Sometimes we think, not quite accurately, that what makes us holy is our good moral conduct. There's no doubt that holy people do behave morally well. But the essence of sanctity is not in our behavior: the substance of holiness is not in how we act; it consists in what we are. A newborn child just baptized is holy. It hasn't yet performed a single conscious morally good action. God's grace is poured into their souls. Holiness is the Holy Spirit entering our souls with His grace. No doubt having this grace from the Holy Spirit, you would expect people to behave somewhat holily; but their conduct is not precisely or essentially what makes them holy; it is the presence of the Holy Spirit in their souls.

The older we get the more disheartened we can become. Woe is me! we say to ourselves, all these years of effort and struggle and I can hardly tell the difference. What consolation to know that we are just as holy as the Holy Spirit makes us by His grace and not by our wonderful growth in virtue, because, frankly, we don't have all that much to show after half a century of effort. Of course this places a great deal of burden on our trust in God. We don't even have the satisfaction of thinking we are holy.

But is not Jesus Christ, our Redeemer, the One Who sanctifies us? So how come we are giving all the credit to the Holy Spirit? Yes, indeed, there is a profound sense in which Jesus Christ does sanctify us: He has merited and prepared for us the grace that makes us pleasing to God. But the Holy Spirit is the One Who applies these graces to our souls; He is the One Who cleanses us from sin and actually confers on us the life of God's friendship that makes us holy. The title comes from Christ; the gift comes from the Holy Spirit.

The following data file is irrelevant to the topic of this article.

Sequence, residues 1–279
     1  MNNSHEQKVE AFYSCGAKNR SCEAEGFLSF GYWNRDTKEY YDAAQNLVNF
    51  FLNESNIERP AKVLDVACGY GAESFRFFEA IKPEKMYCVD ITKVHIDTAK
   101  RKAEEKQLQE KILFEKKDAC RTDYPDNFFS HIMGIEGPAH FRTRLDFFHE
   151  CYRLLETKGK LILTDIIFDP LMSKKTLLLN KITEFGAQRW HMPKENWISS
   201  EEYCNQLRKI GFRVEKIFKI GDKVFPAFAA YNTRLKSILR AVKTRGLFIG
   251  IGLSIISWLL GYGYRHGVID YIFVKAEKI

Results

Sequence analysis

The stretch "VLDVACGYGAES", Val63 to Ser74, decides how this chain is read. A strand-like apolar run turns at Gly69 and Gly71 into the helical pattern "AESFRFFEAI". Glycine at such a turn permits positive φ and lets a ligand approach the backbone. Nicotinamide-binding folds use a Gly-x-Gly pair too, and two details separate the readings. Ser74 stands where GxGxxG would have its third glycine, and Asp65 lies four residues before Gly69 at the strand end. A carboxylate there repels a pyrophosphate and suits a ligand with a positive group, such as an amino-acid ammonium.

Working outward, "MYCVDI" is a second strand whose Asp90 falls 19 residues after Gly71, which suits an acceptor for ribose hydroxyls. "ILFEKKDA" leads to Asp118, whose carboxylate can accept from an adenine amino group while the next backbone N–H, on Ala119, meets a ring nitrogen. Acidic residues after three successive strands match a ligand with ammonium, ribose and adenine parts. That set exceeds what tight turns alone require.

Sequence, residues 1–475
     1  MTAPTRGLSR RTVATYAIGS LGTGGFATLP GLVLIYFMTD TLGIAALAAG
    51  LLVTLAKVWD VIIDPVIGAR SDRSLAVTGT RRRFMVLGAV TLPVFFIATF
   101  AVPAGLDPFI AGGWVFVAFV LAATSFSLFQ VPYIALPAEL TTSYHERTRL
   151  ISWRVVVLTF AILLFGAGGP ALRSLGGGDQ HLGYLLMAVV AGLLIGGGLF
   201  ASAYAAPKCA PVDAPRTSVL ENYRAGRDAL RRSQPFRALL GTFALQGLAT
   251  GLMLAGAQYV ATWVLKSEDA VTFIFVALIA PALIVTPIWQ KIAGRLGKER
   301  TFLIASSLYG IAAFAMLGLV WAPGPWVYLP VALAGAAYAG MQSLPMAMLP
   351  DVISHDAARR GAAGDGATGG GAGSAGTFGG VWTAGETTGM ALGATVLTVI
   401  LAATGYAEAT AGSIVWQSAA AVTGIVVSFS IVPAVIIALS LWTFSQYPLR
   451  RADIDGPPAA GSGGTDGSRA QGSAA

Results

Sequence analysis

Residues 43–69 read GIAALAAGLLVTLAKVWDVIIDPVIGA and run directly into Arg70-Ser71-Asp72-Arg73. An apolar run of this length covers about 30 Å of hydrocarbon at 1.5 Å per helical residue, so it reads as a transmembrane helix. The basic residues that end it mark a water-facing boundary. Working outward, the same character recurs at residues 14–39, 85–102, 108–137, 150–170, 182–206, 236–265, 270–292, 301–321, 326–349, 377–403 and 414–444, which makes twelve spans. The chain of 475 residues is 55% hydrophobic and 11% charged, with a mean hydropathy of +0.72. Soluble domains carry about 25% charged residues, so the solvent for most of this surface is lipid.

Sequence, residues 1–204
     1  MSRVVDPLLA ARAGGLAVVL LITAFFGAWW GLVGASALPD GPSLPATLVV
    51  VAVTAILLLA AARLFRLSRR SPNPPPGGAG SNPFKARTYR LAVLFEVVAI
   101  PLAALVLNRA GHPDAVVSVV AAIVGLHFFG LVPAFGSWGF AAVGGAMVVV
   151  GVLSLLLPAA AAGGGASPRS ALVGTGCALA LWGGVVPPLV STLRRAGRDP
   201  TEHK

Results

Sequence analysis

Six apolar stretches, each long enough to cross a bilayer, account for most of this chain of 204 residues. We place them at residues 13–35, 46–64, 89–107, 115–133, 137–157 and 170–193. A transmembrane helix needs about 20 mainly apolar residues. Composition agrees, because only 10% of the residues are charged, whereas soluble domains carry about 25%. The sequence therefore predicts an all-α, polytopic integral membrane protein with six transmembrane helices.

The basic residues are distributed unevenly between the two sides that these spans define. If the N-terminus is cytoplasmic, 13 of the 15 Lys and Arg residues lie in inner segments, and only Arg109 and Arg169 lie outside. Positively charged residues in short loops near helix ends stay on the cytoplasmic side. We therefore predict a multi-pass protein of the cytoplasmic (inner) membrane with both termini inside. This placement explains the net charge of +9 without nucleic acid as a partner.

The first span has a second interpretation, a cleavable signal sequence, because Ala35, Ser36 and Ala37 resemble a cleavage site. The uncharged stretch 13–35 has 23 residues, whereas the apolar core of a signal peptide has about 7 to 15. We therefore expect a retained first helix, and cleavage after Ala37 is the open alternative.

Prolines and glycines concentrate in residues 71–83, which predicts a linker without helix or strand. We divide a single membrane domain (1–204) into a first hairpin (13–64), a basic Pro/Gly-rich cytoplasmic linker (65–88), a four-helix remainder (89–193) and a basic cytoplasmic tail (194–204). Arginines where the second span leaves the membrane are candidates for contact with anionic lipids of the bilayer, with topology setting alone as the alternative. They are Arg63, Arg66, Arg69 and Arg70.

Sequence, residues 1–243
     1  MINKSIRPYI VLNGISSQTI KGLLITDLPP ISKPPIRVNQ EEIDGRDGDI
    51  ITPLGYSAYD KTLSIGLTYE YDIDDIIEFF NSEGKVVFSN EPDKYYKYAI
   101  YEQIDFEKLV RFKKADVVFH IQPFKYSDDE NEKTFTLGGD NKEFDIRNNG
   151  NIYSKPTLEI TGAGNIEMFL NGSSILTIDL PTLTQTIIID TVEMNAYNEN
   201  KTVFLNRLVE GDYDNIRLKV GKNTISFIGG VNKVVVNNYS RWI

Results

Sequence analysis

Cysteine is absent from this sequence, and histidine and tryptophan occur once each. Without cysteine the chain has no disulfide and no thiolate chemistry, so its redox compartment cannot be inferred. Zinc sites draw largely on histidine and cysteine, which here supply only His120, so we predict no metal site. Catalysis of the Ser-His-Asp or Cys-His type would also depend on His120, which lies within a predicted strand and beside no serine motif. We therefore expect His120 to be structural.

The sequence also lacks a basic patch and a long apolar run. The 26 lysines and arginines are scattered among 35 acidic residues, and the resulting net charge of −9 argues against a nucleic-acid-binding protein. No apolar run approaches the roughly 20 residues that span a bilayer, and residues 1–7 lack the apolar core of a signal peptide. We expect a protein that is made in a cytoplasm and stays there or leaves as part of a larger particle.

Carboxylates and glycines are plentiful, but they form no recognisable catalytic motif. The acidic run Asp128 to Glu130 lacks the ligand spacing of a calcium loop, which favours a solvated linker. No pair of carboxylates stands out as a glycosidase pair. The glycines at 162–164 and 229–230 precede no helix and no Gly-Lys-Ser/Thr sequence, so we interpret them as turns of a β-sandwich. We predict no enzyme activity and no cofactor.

How does the Holy Spirit sanctify us? He does so in two ways. First of all He sanctifies us by giving us sanctifying grace the moment we are baptized or, if we have the misfortune of losing God's friendship, have it restored in the sacrament of Penance. Sanctifying grace is infused, which means we receive the virtues of faith, hope and charity and the seven gifts of the Holy Spirit.

But this Holy Spirit also sanctifies us by giving us actual graces. There are then two ways we are sanctified: by habitual or sanctifying grace, as it is called, infused in the soul and by the actual graces that come and go. Sanctifying grace is a permanent possession; actual graces are those transient gifts. The only time we are not getting actual grace(this is in no theology book, but it's true) is when we are asleep. One theological reason why I so often cheat on sleeping.

The moment we say what we have just said, hugh vistas of responsibility on our part open up. We have first of all responsibility to the Holy Spirit Who gives us sanctifying grace. What is our responsibility to the Holy Spirit Who gives us sanctifying grace? Our responsibility on this level is threefold. First, we are to keep ourselves in sanctifying grace. Remember, the state of grace is a gift; it can be lost. And you don't keep yourself in sanctifying grace by just willing it, no more than you can keep yourself physically alive by just saying, "Well, here I am." You've got to at least eat and breathe. What breath and food are to maintaining our natural life that prayer and good works are to maintaining ourselves in the supernatural life.